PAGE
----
## “Fair Value” Returns

Sometimes, the “free share gain” portion of the rotation and the “fair value” portion of the rotation meet their goals at different times, and so the returns are different. In this case, the stock price has moved so much, they met their goals at the same time, thus producing identical gains for both parts of the rotation at +25.34%.

Stryker will now join five previous rotational “fair value” winners.

Ticker |
Free Share Gains from Full-Cycle Analysis |

UNP | 19% |

EXPE | 41% |

CSX | 21% |

NSC | 21% |

SBUX | 35% |

SYK | 25% |

And now, this completes the demonstration of the rotational strategy with Stryker. The first half of the rotation gained about 25% more free shares, and the second half also gained about 25% more free shares. I have 37 additional high-quality stocks I’m still tracking, though, so we should have a fairly large sample from which to judge and analyze the strategy in the future.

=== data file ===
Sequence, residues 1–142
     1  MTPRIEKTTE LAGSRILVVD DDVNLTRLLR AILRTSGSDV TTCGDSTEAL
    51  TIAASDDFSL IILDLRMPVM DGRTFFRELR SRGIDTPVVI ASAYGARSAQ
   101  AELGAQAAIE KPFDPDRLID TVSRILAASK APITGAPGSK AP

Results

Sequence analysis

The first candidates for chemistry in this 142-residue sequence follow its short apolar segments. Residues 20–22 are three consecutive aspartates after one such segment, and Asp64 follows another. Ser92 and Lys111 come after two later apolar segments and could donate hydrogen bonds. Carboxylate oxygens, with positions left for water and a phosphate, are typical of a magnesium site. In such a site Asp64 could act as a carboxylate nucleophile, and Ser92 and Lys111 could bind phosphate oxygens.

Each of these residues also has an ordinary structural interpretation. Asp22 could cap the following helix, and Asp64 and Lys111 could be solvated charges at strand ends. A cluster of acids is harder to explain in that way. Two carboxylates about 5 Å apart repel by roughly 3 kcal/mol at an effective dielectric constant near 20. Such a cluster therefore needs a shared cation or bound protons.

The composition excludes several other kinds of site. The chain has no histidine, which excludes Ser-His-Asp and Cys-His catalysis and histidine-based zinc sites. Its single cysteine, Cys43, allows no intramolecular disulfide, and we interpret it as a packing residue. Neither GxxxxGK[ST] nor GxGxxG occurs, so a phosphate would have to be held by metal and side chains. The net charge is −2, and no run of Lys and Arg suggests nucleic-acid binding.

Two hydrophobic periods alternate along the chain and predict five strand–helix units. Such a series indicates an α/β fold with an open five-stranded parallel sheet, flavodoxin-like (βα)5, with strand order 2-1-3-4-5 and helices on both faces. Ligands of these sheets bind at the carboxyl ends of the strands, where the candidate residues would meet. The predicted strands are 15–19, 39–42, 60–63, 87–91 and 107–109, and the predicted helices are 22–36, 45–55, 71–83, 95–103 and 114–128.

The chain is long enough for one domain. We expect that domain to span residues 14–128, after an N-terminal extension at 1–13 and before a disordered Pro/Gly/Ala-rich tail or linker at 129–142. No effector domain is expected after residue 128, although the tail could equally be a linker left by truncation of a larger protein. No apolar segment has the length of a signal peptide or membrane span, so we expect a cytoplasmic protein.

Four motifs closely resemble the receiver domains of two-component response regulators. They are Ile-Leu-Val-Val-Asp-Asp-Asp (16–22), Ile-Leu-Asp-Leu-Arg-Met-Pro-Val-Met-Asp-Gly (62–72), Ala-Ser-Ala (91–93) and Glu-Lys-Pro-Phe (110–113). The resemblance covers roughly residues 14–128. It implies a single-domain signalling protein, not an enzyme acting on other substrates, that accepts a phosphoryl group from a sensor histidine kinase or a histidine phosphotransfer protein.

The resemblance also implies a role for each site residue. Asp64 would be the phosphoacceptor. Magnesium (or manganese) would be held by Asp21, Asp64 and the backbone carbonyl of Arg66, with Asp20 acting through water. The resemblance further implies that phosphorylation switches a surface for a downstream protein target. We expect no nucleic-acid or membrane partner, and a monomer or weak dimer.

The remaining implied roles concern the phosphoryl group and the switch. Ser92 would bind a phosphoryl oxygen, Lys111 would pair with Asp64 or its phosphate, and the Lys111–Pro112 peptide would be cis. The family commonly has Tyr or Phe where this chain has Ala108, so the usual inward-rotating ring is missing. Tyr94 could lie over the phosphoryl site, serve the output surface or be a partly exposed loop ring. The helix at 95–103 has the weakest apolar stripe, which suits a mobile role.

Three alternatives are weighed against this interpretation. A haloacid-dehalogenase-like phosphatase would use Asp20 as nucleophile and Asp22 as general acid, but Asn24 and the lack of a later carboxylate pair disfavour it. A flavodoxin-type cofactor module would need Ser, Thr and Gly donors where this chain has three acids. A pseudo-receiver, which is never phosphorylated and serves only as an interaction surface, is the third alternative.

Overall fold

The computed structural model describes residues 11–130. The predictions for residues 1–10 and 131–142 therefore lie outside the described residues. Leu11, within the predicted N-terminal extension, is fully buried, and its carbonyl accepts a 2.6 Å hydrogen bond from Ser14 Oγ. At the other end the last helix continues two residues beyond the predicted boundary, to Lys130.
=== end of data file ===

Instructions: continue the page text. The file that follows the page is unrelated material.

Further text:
## Additional notes

There are several goals of this series of articles. The first goal is to warn investors when I think certain stocks are overvalued enough to sell. The second goal is to provide a simple, long-only strategy that an average retail investor could use to address the problem of high-quality, overvalued stocks in their portfolio. And the third goal is to test these approaches in real-time to see what we can learn, thereby making the strategy even better.